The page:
Jason Fagone has written a book about invention, and amid declining car culture and tales of new urbanism, he’s used that lingering American ideal of the automobile as his back drop.
To promote the release of “Ingenious,” he’s kicking off a 12-stop East Coast book tour, which includes as many coffee shops as maker spaces, including a stop next Sunday at the Hacktory at 3pm with a 207 miles per gallon car on site.
The book has its origins in the 2007 X Prize, which put $10 million on the line for the best, mass-producible car that could travel 100 miles or more on the energy equivalent of a gallon of gas.
In it, Fagone (that’s three syllables, not two) follows four of those teams, including the celebrated West Philly Hybrid X team that has spun out into the Sustainability Workshop alternative high school.
Fagone, 35, who lives in Havertown in Delaware County with his mapmaker-wife Dana Bauer, who co-runs the local Hacks/Hackers meetup, is among the region’s most successful freelance writers today, contributing to GQ, Esquire, Wired and Philadelphia magazine. He clearly likes the deep subculture that lies beneath glossy Americana, considering his last book was on competitive eating.
With ‘Ingenious,’ Fagone is tapping into the surge of popularity for an otherwise ageless maker culture, which is beginning to shine again with help from Internet and software community cool. One of the teams he follows is a family that is hand-crafting their creation in an old barn.
The stakes are a lot higher, though. Unlike with a software crash, in a car crash, you can die, as Fagone quotes Tesla cofounder Martin Eberhard as having said.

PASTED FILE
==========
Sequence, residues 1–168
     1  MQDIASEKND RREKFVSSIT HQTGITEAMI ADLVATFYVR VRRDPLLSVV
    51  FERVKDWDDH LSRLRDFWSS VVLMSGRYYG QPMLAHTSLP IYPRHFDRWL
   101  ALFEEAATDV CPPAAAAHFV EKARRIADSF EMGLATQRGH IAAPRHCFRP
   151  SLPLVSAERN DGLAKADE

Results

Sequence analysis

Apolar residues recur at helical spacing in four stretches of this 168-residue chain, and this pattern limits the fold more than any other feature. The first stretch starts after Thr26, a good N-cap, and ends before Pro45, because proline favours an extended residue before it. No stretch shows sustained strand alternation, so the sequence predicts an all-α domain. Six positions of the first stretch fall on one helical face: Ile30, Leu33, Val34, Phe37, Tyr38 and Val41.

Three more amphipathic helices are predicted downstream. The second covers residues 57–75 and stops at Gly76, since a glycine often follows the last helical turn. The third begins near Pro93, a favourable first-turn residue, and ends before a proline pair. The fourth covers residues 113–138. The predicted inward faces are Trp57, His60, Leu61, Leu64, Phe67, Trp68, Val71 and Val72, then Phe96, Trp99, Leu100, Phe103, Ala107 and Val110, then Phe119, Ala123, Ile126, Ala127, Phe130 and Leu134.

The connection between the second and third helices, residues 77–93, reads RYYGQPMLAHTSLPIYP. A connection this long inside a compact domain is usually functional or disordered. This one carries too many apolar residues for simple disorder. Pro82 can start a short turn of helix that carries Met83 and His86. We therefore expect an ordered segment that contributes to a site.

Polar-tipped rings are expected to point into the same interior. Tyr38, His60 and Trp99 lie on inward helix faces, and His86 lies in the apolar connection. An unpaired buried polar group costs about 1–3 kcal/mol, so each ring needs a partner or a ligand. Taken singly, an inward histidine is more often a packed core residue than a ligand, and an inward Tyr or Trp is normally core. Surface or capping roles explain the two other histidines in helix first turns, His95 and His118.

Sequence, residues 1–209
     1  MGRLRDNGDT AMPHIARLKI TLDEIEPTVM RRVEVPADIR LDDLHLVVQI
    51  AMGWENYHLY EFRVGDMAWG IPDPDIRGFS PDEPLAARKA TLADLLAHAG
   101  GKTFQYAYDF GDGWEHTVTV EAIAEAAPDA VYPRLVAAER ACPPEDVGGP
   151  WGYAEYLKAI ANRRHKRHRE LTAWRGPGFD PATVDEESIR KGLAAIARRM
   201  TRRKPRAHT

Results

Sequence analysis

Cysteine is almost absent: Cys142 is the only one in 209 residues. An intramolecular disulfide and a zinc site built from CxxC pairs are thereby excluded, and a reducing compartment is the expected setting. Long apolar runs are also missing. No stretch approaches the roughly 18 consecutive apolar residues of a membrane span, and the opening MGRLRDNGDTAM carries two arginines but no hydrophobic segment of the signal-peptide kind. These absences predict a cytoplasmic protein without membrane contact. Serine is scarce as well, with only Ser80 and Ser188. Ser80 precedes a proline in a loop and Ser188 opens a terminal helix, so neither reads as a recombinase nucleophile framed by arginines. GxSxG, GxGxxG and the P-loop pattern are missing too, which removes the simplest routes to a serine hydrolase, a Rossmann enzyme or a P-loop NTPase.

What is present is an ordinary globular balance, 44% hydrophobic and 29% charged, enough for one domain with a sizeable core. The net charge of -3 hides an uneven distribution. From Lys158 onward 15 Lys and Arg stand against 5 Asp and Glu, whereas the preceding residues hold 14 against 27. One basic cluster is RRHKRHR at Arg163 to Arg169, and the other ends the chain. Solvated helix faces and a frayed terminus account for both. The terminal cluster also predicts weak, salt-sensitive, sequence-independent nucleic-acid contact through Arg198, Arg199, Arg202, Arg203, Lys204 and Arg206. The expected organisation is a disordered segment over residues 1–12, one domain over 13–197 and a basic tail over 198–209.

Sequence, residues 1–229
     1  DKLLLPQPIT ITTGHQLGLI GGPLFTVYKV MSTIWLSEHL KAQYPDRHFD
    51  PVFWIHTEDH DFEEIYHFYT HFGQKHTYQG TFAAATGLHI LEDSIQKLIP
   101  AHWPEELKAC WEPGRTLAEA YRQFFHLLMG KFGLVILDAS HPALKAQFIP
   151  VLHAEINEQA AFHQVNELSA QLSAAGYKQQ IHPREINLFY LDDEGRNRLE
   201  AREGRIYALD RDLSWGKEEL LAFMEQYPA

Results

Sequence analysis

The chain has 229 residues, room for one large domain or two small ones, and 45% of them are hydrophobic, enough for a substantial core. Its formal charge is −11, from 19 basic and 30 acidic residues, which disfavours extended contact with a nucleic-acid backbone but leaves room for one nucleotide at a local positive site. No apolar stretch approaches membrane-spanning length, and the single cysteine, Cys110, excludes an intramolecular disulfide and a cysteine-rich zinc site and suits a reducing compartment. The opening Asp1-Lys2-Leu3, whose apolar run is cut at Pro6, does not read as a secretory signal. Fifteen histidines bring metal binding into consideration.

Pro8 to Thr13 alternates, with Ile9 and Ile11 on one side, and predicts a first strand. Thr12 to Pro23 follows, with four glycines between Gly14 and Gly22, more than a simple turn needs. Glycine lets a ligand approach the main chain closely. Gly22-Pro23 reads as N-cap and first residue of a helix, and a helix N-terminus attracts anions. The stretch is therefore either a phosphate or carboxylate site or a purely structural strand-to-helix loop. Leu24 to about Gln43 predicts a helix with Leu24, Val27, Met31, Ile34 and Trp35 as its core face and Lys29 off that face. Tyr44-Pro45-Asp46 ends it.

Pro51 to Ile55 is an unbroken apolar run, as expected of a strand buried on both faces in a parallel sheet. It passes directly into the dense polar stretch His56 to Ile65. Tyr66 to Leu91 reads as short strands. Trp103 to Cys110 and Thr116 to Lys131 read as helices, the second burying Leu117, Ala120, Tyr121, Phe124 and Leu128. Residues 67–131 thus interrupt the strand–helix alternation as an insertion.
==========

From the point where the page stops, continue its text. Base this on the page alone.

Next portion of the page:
Fagone, who presented on the subject at the last Ignite Philly, follows four hopeful teams in the chronology you’d expect: in the run up to the finals of the competition, who will win and what the industry impact will be. (Spoiler Alert: the West Philly high school team can’t give up its bake sales yet, and you can’t buy a 207 mpg car from the lot today).
If Fagone makes clear he isn’t a “car guy” in his intro and says his book is more about innovation than engines, then it must be said the vehicles he covers are at least primary characters.
Those characters are a window into what American ingenuity can be and they remind us of what modern entrepreneurship-crazed economic development looks like: cultivate hobbyist tinkering until it flourishes into widespread change (a big pile of money to incentivize them helps).
The bigger point may be around the challenge of weighing the likelihood of impact against the sheer inevitability of societal trends.
Do the little innovators and glitzy sideshow competitions change how we consume by challenging industry norms and educating more of the buying public (as it seems Fagone argues)? Or are there too many factors at play to look at one. Perhaps changes to climate and with generations and lifestyle will dictate success in a car industry ready for disruption more than new ideas for aerodynamics.
That’s something Ingenious takes on, and something the cult of invention has always been challenged by, long before the car ever came to being.